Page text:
Mars-bound astronauts face chronic dementia risk from galactic cosmic ray exposure
Will astronauts traveling to Mars remember much of it? That's the question concerning University of California, Irvine scientists probing a phenomenon called "space brain."
UCI's Charles Limoli and colleagues found that exposure to highly energetic charged particles - much like those found in the galactic cosmic rays that will bombard astronauts during extended spaceflights - causes significant long-term brain damage in test rodents, resulting in cognitive impairments and dementia.
Their study appears today in Nature's Scientific Reports. It follows one last year showing somewhat shorter-term brain effects of galactic cosmic rays. The current findings, Limoli said, raise much greater alarm.
"This is not positive news for astronauts deployed on a two-to-three-year round trip to Mars," said the professor of radiation oncology in UCI's School of Medicine. "The space environment poses unique hazards to astronauts. Exposure to these particles can lead to a range of potential central nervous system complications that can occur during and persist long after actual space travel - such as various performance decrements, memory deficits, anxiety, depression and impaired decision-making. Many of these adverse consequences to cognition may continue and progress throughout life."
For the study, rodents were subjected to charged particle irradiation (fully ionized oxygen and titanium) at the NASA Space Radiation Laboratory at New York's Brookhaven National Laboratory and then sent to Limoli's UCI lab.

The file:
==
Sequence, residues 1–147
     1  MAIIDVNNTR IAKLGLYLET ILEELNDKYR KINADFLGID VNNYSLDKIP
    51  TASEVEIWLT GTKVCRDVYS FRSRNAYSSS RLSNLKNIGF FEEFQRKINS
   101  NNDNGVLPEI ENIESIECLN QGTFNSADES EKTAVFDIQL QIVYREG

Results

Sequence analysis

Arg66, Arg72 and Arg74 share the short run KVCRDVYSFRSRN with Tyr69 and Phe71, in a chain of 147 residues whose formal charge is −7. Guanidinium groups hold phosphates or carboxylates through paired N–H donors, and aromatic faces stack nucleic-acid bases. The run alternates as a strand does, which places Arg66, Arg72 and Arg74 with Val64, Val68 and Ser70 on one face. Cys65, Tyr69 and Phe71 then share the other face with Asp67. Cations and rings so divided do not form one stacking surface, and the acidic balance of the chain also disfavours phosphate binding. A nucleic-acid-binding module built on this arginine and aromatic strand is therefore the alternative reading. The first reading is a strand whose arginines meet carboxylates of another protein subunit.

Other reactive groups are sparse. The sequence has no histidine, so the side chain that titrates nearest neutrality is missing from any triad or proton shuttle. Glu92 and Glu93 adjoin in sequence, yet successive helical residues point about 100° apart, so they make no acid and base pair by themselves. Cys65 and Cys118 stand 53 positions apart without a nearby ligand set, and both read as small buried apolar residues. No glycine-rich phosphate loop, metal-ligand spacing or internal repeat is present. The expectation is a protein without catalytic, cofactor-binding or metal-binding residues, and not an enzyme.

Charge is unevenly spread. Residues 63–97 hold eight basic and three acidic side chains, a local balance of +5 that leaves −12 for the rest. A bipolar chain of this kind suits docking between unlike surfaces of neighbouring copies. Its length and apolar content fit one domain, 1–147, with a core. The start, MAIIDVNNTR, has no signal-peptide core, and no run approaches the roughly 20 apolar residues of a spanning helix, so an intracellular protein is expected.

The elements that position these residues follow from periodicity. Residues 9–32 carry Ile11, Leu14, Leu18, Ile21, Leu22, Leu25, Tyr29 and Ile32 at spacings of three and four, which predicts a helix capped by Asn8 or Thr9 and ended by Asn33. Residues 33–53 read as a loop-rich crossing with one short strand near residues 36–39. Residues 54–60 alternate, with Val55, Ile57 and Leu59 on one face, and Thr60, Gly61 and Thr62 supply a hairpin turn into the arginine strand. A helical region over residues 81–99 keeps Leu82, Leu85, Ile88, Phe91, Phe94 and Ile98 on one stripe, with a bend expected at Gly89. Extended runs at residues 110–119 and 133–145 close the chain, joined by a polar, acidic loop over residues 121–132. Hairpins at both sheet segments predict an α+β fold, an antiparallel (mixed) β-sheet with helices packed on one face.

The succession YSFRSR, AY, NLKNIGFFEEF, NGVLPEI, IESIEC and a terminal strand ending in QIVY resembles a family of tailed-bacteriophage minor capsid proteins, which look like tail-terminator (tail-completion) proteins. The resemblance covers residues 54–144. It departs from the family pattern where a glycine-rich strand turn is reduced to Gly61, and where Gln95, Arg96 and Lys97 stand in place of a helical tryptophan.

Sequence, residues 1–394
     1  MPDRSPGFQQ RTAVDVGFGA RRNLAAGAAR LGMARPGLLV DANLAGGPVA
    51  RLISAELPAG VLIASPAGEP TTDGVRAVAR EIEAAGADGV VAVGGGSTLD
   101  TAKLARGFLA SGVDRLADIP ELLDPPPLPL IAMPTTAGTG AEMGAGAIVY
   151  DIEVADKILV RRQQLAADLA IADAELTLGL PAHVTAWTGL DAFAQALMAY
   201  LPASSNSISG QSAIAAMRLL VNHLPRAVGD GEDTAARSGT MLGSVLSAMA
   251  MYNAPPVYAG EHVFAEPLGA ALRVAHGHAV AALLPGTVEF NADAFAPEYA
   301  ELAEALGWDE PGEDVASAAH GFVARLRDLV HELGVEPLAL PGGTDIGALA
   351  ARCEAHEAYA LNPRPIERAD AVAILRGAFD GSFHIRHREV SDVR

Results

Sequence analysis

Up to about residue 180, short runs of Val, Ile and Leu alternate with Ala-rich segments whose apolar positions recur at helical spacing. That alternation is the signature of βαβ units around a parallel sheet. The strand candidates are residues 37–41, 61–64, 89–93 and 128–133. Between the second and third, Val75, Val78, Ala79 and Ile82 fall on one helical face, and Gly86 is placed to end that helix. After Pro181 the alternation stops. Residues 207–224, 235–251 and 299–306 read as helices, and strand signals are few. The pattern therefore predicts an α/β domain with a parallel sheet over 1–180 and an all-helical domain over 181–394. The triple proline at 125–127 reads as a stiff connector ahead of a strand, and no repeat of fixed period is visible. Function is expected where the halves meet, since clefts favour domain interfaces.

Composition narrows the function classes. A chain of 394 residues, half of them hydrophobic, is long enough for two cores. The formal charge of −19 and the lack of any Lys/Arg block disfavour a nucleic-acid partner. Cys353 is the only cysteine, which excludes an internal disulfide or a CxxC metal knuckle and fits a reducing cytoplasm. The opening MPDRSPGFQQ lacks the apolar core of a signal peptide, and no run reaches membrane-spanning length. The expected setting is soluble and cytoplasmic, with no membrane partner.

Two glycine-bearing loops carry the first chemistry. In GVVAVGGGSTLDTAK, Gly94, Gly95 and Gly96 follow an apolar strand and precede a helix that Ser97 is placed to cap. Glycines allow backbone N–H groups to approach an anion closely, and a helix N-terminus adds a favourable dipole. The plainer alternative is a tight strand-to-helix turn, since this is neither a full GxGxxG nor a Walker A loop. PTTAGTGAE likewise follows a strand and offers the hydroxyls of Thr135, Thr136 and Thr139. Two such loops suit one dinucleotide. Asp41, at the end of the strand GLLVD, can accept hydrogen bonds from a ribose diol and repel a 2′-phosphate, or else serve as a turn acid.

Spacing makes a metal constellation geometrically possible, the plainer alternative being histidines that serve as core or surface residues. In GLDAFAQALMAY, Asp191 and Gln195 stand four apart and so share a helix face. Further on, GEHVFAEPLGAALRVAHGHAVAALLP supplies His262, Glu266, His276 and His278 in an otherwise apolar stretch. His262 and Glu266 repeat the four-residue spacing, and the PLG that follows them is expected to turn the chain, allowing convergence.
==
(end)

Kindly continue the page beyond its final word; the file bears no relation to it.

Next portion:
Six months after exposure, the researchers still found significant levels of brain inflammation and damage to neurons. Imaging revealed that the brain's neural network was impaired through the reduction of dendrites and spines on these neurons, which disrupts the transmission of signals among brain cells. These deficiencies were parallel to poor performance on behavioral tasks designed to test learning and memory.
In addition, the Limoli team discovered that the radiation affected "fear extinction," an active process in which the brain suppresses prior unpleasant and stressful associations, as when someone who nearly drowned learns to enjoy water again.
"Deficits in fear extinction could make you prone to anxiety," Limoli said, "which could become problematic over the course of a three-year trip to and from Mars."
Most notably, he said, these six-month results mirror the six-week post-irradiation findings of a 2015 study he conducted that appeared in the May issue of Science Advances.
Similar types of more severe cognitive dysfunction are common in brain cancer patients who have received high-dose, photon-based radiation treatments. In other research, Limoli examines the impact of chemotherapy and cranial irradiation on cognition.
While dementia-like deficits in astronauts would take months to manifest, he said, the time required for a mission to Mars is sufficient for such impairments to develop. People working for extended periods on the International Space Station, however, do not face the same level of bombardment with galactic cosmic rays because they are still within the Earth's protective magnetosphere.
Limoli's work is part of NASA's Human Research Program. Investigating how space radiation affects astronauts and learning ways to mitigate those effects are critical to further human exploration of space, and NASA needs to consider these risks as it plans for missions to Mars and beyond.
Partial solutions are being explored, Limoli noted. Spacecraft could be designed to include areas of increased shielding, such as those used for rest and sleep. However, these highly energetic charged particles will traverse the ship nonetheless, he added, "and there is really no escaping them."
Preventive treatments offer some hope. Limoli's group is working on pharmacological strategies involving compounds that scavenge free radicals and protect neurotransmission.